Dr. Jenalee Doom


Starting In Fall 2019, I will be an assistant professor in the Department of Psychology at the University of Denver.

My research integrates the fields of developmental, social, and health psychology and public health to understand pathways from childhood stress to later mental and physical health problems. In addition, I study the social mechanisms by which individuals may be protected from early life stress.

I was born and raised in rural South Dakota. I then attended the University of Notre Dame where I double-majored in psychology and pre-professional studies. I joined the Cognition & Emotion lab led by Dr. Gerald Haeffel during my sophomore year, where I was able to conduct my own study on stress, depression, and health. I was captivated by the scientific method and the literature on childhood stress and health, and I knew I wanted to spend my career understanding the ways in which early stress and social relationships can impact health throughout the lifespan.

To gain training in the biological embedding of early experiences across development, I pursued my PhD at the University of Minnesota’s Institute of Child Development working with Dr. Megan Gunnar. In the Human Developmental Psychobiology lab, my colleagues and I conducted studies of the effects of early stress (orphanage care) on children’s health and development, and also conducted a series of studies on whether parents and friends are able to buffer children and adolescents from social stress. I worked with Dr. Dante Cicchetti on examining neurobiological and behavioral correlates of child maltreatment. I also collaborated with Dr. Michael Georgieff on studies of nutrition (iron deficiency and growth stunting) and stress in children who were adopted from orphanage care.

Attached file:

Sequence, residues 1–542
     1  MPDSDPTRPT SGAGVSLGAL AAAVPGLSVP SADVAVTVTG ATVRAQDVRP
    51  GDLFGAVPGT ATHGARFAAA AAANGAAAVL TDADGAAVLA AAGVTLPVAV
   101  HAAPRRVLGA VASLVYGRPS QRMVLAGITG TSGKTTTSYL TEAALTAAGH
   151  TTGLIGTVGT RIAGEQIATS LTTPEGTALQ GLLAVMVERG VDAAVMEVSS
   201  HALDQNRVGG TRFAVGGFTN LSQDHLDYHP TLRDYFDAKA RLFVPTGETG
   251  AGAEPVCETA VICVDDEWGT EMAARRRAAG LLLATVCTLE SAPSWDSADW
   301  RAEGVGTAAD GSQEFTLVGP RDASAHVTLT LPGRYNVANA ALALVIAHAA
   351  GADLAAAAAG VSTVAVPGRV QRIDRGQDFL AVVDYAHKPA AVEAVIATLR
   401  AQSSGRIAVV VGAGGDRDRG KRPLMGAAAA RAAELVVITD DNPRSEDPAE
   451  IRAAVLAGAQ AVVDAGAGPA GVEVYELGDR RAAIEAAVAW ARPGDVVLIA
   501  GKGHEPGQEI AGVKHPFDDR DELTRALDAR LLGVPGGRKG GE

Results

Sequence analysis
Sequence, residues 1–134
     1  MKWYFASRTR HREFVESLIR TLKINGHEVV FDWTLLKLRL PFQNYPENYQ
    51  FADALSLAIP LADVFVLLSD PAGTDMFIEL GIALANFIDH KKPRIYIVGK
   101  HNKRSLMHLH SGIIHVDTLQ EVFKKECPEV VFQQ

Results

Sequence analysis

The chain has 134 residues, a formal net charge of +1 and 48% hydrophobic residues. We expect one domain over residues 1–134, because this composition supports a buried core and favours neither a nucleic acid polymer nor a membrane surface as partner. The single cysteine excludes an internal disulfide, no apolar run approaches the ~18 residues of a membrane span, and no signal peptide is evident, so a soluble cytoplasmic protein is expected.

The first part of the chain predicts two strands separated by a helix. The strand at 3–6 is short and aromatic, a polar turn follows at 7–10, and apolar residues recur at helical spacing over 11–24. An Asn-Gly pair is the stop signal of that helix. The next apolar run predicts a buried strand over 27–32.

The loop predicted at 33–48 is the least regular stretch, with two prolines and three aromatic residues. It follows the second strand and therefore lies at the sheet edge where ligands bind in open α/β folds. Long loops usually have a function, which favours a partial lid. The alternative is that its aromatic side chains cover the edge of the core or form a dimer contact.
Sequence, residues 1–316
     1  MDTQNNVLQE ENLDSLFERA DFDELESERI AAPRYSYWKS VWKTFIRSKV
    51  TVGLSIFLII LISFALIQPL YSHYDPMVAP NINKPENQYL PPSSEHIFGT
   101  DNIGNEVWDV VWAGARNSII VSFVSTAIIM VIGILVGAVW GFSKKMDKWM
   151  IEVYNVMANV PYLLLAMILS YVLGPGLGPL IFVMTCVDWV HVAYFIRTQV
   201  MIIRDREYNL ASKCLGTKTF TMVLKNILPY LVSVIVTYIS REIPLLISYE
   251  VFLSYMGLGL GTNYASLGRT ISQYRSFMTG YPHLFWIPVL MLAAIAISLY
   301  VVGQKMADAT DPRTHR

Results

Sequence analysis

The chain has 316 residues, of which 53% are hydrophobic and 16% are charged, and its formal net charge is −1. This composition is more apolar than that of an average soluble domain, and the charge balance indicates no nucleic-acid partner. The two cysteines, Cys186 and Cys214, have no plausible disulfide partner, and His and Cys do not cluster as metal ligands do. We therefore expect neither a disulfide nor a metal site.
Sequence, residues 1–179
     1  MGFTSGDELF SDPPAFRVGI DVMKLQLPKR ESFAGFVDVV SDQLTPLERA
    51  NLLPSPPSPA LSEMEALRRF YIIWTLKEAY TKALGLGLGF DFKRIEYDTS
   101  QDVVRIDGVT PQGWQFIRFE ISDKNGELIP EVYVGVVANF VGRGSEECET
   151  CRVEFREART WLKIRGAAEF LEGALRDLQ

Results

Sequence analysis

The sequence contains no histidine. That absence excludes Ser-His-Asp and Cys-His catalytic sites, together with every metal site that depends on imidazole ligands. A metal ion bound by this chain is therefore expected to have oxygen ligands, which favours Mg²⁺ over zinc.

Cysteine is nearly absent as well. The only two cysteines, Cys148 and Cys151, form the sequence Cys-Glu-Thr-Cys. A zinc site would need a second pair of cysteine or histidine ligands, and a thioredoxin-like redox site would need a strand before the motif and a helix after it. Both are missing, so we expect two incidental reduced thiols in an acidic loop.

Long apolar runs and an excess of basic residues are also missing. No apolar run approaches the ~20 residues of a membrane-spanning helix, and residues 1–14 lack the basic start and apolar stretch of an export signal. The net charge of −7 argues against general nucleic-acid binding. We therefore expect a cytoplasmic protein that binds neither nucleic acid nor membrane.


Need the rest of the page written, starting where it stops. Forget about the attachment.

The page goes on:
The research I conducted in grad school led me to pursue further training in the pathways by which early stress and nutrition interact to predict cardiovascular health and obesity in adulthood. I am currently pursuing my postdoctoral training with Dr. Betsy Lozoff, with funding from NICHD (F32HD088029) on interactions between stress, nutrition, and health. I also collaborate with Dr. Alison Miller and Dr. Julie Lumeng on studies of early stress, stress system functioning, childhood obesity, and health.

The research I will conduct at the University of Denver will integrate the fields of developmental, social, and health psychology to understand how stress “gets under the skin” to affect mental and physical health and to develop interventions that short-circuit these mechanisms to improve public health.